The view from Ubud
(Dispatch number 2 from Ubud, Bali, by Robin Hamley, um, Hemley)
I had been slightly dreading my first panel of the day at the Ubud Writers and Readers Festival, "State of the Union," in which we were going to discuss "the shifting preoccupations of literature, society, and politics in Obama's America."
As I've spent most of the last two years outside of the U.S., first in the Philippines and then in Southern , France, I didn't feel especially qualified. My other panelists seemed much more so, among them Los Angeles-based novelist and short story writer, Lisa Teasley, novelist and painter Rabih Alameddine, who splits his time between San Francisco and Lebanon, and Mike Otterman, a young New York writer who's written two books on torture and Iraq.
Not that I wanted to avoid controversy, I just wasn't sure I could comment on or had even noticed the "shifting preoccupations" in the U.S. After all, the U.S. is huge. Over 300,000 books are published annually in a traditional format, and when you count non-traditional forms, which are way up (Ebooks, self-published books, and print-on-demand), the number soars to over a million titles a year. But there are undoubtedly shifts that concern me, none more than the decline of fiction in the U.S. According to Bowker, approximately 53,000 fiction titles were published traditionally in the U.S. in 2008, while only 45,000 were published in 2009. That's nearly a 20% decline in a year. What does this say about Obama?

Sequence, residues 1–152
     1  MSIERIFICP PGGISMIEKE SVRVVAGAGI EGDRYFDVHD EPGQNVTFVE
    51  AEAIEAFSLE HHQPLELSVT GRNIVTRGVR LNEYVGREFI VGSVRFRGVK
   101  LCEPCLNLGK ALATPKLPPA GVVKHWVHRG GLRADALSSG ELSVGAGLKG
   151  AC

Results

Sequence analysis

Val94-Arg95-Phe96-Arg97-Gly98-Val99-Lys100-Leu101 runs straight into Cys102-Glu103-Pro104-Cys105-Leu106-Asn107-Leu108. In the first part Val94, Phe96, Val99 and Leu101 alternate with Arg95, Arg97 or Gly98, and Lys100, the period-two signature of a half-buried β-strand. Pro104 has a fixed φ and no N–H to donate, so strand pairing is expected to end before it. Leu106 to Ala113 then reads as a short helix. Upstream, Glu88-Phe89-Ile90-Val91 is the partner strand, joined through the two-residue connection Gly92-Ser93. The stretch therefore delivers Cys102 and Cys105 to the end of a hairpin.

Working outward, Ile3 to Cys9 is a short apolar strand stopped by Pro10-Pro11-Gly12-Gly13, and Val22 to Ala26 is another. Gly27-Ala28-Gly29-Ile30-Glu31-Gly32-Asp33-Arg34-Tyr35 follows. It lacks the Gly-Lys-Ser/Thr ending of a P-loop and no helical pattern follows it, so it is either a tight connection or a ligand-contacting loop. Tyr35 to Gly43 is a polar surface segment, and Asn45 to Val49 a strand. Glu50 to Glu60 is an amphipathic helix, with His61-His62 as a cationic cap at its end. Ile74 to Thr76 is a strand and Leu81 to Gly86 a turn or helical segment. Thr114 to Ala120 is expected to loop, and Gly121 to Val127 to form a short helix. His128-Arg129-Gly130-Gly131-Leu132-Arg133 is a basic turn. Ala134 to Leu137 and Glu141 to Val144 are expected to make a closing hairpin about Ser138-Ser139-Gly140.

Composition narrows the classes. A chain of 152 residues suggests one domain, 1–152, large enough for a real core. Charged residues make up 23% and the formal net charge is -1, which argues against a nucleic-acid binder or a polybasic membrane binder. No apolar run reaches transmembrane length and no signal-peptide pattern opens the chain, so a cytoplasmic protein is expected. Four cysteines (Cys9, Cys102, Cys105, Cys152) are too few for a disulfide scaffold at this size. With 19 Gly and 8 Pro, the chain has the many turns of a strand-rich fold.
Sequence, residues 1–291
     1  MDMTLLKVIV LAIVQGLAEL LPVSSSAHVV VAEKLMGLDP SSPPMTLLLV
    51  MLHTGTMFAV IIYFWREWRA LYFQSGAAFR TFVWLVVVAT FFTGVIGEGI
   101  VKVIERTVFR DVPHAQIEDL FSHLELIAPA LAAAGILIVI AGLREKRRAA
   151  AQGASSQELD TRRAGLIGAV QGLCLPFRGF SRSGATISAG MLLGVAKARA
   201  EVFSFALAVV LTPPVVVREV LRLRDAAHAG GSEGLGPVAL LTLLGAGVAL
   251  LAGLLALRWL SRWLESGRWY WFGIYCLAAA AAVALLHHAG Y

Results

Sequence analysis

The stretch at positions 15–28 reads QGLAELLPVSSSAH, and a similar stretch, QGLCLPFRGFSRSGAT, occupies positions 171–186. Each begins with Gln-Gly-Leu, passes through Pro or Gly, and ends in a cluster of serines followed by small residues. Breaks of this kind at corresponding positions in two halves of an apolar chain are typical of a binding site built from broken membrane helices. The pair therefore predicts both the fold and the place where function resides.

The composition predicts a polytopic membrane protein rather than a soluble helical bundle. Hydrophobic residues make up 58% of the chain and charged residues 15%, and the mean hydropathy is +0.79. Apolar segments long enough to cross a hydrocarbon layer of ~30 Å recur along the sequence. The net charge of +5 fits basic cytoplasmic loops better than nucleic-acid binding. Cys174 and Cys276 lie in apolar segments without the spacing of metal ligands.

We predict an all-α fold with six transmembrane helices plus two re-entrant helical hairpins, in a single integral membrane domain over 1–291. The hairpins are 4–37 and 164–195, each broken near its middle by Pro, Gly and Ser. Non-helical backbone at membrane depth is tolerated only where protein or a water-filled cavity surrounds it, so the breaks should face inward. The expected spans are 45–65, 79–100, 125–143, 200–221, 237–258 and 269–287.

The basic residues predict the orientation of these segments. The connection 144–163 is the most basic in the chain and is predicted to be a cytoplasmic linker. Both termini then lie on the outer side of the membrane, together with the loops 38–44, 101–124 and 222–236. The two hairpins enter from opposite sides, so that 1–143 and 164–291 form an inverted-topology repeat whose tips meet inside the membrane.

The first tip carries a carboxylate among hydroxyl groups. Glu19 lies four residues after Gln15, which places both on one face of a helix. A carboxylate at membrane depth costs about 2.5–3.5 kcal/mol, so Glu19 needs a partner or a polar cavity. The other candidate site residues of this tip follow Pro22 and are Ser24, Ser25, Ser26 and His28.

Well, I think the statistics are clear on this matter. Obama opposes the novel and short story. And is out to destroy our literary way of life. The fact that he was seen carrying Jonathan Franzen's new novel around recently simply shows what a clever politician he is. By reading a popular work of fiction he thinks he can avoid responsibility for the decline of the novel and blame it on his on his predecessor (well known for his love of fictions). But it won't work, Mr. Barack Hussein Obama. We know you've written a memoir. This is where your loyalties lie.
I had planned to expose Mr. Obama for the literary hypocrite he is, but my fellow panelists had other ideas. The panel was slightly unfocused until the late arrival of a fellow panelist, a young American journalist whom I had not previously met. The panel was galvanized when he told the audience that "the Muslim world needs to